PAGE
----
- Manufacturers must demonstrate with robust data that a device does what it claims before submitting. Preliminary bench data with feasibility units may not be robust enough for FDA.
- The door is not closed if you do not qualify for Breakthrough or STeP Programs as a manufacturer can reapply when they have access to more data or modify an indication for use, etc.
- A manufacturer cannot bounce between the Breakthrough Devices and STeP Programs. For example, if an organization doesn’t qualify for the Breakthrough Devices Program, they do not automatically qualify for the STeP Program. It is recommended that manufacturers request a breakthrough designation before starting the pivotal clinical trial to take full advantage of flexible study design opportunities.
The FDA reserves a Breakthrough Devices designation and STeP for select medical devices and diagnostics that serve an unmet need and/or provide substantially more effective treatment or diagnosis for debilitating and life-threating conditions. The path to approval requires intense focus on data and interaction with the FDA, and the benefits via expedited review and improved interaction are worth the effort.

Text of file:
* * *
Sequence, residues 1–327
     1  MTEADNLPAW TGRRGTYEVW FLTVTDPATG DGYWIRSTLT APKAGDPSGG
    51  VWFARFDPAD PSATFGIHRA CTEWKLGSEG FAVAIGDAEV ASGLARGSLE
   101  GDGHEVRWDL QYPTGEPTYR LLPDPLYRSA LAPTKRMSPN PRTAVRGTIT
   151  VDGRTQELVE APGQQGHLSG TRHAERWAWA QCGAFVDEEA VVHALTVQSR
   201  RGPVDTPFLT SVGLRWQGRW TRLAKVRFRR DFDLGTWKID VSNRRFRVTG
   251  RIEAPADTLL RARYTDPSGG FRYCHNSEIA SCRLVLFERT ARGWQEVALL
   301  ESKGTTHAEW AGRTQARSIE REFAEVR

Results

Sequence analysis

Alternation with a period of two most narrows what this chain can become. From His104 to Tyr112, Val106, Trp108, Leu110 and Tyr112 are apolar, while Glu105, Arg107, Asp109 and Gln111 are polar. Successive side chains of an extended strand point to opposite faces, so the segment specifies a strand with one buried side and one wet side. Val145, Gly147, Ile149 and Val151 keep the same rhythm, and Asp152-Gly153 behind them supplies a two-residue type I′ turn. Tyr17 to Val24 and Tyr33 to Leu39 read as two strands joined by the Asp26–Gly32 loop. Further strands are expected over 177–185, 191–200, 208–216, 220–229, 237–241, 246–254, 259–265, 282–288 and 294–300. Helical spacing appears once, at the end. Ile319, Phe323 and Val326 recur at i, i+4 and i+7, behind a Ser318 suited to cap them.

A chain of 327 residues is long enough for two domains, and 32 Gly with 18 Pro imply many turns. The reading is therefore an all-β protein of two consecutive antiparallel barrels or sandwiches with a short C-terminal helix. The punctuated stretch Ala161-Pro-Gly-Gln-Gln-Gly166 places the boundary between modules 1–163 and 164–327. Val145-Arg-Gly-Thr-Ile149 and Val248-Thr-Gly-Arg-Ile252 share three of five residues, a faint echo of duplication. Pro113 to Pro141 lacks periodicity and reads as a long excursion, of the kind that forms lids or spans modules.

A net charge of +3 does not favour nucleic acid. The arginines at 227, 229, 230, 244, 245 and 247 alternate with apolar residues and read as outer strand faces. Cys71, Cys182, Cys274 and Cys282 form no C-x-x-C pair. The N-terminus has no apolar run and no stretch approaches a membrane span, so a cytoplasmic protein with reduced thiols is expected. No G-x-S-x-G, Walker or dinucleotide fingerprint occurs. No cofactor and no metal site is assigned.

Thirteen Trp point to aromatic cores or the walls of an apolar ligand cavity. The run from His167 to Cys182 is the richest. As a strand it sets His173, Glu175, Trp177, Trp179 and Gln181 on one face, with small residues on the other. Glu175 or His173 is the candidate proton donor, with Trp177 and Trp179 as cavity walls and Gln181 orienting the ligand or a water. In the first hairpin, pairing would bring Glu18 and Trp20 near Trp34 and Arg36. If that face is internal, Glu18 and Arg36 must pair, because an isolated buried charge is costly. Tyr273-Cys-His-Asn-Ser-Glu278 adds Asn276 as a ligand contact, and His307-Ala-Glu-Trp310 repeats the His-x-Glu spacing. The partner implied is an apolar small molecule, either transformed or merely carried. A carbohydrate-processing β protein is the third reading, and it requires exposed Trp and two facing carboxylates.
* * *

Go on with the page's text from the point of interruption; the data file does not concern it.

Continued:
How Can NAMSA Help?
NAMSA is the industry leader in driving successful regulatory outcomes through effective interactions with the FDA. In fact, our internal teams of medical device development experts communicate with the FDA nearly every day. From Pre-Submission meetings – to Pre-IDE preparation – and FDA inspection preparation, our teams are the most experienced in industry at accelerating regulatory submissions and approvals for device manufacturers. This expertise has been proven to save medical device organizations up to $17M in costs and 23 months in development timelines.